LarryBoy

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#9
Was in Aspen this weekend and there was bare ground at 9k. They have basically zero base and even the groomers had grasses poking out. Got a quick foot or so on Saturday, but it's still scary dry.
 
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#10
The NWS Utah state hydrologist forecasts a 10% probability that we will get enough snow to bring us up to normal this snow season.
 

Kmatjhwy

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#11
Now take a look on that map above of the snowpack, such a difference between the Uintas with the lack of snow to the Wind River Range with an above normal snowpack. And the thing is that these two places is actually not that far away from each other mileage wise. What an Interesting Winter! Hope the Uintas and the Southwest get some much needed moisture.
 

WasatchWill

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#12
The NWS Utah state hydrologist forecasts a 10% probability that we will get enough snow to bring us up to normal this snow season.
Sorry...but I just can't resist...



Now take a look on that map above of the snowpack, such a difference between the Uintas with the lack of snow to the Wind River Range with an above normal snowpack. And the thing is that these two places is actually not that far away from each other mileage wise. What an Interesting Winter! Hope the Uintas and the Southwest get some much needed moisture.
It appears all the big winter storms that usually come in from the northwest have all stayed more northward, rather then spreading southward from time to time.
 
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#13
Now take a look on that map above of the snowpack, such a difference between the Uintas with the lack of snow to the Wind River Range with an above normal snowpack. And the thing is that these two places is actually not that far away from each other mileage wise. What an Interesting Winter! Hope the Uintas and the Southwest get some much needed moisture.
Good observation Kmat. And I keep an eye on the Windies and Uintas because they are special, to me. The Winds south end was below normal until recently. And the north slope of the Uintas was normal and above for much of the season until now. I believe that dividing line between the warm colors (dry) and the cool colors (wet) is pretty much an indication of the average location of the jet stream and shows how it is pushed farther to the north again this year in its dive northwest to southeast. The firehose that used to give our Wasatch the 500" of snow at Alta that we were all accustomed to for so long had the flow with a bullseye on the great salt lake and the wasatch. Not this year.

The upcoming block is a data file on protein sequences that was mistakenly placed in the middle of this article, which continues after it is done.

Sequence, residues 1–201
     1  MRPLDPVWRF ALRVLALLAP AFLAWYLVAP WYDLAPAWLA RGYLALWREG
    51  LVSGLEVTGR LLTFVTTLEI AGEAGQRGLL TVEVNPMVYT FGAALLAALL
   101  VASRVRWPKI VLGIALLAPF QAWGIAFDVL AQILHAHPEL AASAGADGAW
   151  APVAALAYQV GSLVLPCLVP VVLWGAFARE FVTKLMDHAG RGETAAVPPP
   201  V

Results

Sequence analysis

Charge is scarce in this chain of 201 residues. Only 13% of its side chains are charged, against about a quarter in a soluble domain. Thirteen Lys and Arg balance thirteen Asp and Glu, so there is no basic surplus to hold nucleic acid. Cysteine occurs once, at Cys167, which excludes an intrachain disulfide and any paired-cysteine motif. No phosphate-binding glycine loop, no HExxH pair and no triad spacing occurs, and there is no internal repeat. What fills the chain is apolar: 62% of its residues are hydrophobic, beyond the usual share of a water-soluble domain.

Artemus

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#15
I camped up near White Pine on the MLH this weekend in a dispersed camp spot. There is still a bit of snow. Had to camp way down low in order to camp dry feet. The MLH is still closed at the gate with snow on the road from there. Melting fast but the rivers have not come up much yet.
 
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#17
26578BF8-3F94-4758-B019-60DB6836332B.jpeg A0A8BDD4-8BE7-450E-968C-89D7355CB173.jpeg FF24E83A-4447-4583-9A2C-FD34844053BD.jpeg 85F91832-CAB0-4B85-B58C-0F9836AD4081.jpeg My wife and I went up Saturday, duchesne tunnel was the end of the line. Trucks and trailers were for the most part blocking the road at that point. We did manage to get by them and made it as far as the next campground but the roads were really slushy.
It surprised me how fast people would be going when they got to the orange barricade considering they had already gone around one that said the road was closed, saw one close call where they had to slam on the brakes to avoid not hitting a vehicle.
 
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Perry

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#19
Someone on Facebook asked if MLH was open. Got this reply from U. S. Forest Service - Uinta-Wasatch-Cache National Forest:

Not all the way from Kamas to Evanston. On the Kamas side you can only get to the Spring Canyon, about 2 miles from the turn off to Soapstone and on the Evanston side you can get to the turnoff to Whitney Reservoir approx 4 miles.

https://www.facebook.com/permalink.php?story_fbid=2027693160830937&id=1477262249207367